Committee has reviewed and discussed with management and the auditors the
Company's audited financial statements, including the auditor's judgments about
the quality, not just the acceptability, of the accounting principles, the
reasonableness of significant judgments and the clarity of disclosures in the
financial statements. The Audit Committee also discussed with the auditors the
other matters required by Statement on Auditing Standards No. 61 "Communication
with Audit Committees" as amended by Statement on Auditing Standards No. 90
"Audit Committee Communications".

         The Company's auditors provided to the Audit Committee the written
disclosures required by Independence Standards Board Standard No. 1
"Independence Discussions with Audit Committees", and the Audit Committee
discussed with the auditors their independence from the Company and its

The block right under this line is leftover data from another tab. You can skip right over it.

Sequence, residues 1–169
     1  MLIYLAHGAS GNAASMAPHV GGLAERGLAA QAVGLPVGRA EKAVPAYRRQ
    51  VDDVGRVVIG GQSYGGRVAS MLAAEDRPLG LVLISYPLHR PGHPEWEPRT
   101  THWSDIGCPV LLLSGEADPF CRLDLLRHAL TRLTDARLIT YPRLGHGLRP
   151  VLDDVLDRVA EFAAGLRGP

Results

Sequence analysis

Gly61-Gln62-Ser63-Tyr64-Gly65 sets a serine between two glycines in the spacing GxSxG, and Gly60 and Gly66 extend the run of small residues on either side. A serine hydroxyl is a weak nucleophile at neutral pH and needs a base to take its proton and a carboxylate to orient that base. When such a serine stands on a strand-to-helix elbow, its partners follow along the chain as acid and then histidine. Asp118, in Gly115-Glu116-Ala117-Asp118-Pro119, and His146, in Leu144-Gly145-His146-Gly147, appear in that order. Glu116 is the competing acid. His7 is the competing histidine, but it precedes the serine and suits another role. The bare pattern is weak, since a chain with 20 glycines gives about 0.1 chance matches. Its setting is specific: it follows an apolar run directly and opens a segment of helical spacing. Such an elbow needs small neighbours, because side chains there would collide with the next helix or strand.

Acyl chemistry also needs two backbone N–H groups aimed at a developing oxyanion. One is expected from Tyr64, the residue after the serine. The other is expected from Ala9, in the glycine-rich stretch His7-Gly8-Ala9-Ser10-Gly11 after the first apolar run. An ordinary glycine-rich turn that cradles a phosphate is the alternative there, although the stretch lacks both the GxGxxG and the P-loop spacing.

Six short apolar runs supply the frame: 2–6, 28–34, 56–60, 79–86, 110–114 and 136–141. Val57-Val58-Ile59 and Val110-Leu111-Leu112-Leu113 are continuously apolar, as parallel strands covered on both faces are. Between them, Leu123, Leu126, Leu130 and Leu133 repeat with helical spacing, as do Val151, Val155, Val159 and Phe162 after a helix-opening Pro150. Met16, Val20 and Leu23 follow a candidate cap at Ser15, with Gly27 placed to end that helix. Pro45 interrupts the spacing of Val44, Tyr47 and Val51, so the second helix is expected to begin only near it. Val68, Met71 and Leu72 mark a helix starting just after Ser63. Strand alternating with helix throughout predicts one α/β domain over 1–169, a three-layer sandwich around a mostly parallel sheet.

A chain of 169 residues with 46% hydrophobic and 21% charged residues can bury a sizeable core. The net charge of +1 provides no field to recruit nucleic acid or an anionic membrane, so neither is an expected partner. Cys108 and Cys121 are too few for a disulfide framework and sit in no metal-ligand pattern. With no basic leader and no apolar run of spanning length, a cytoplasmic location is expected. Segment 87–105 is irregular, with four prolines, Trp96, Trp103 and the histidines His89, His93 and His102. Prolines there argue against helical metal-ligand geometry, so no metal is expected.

management.


                                       13

<PAGE>


         Based on the Audit Committee's discussion with management and the
auditors and the Audit Committee's review of the representations of management
and the report of the auditors to the Audit Committee, the Audit Committee
recommended to the Board that the audited consolidated financial statements be
included in the Annual Report on Form 10-K for the nine month transition period
ended December 31, 2001 which was filed with the Securities and Exchange
Commission.


                                                   James F. Reilly
                                                   David I. Beatson
                                                   Dr. Neil W. Jacobs


SECURITY OWNERSHIP OF CERTAIN BENEFICIAL OWNERS AND MANAGEMENT

         The following table sets forth as of April 15, 2002, certain
information regarding the beneficial ownership of the Company's Common Stock by
(i) each person who is known to the Company to beneficially own more than 5% of
the Common Stock, (ii) each of the Directors and executive officers of the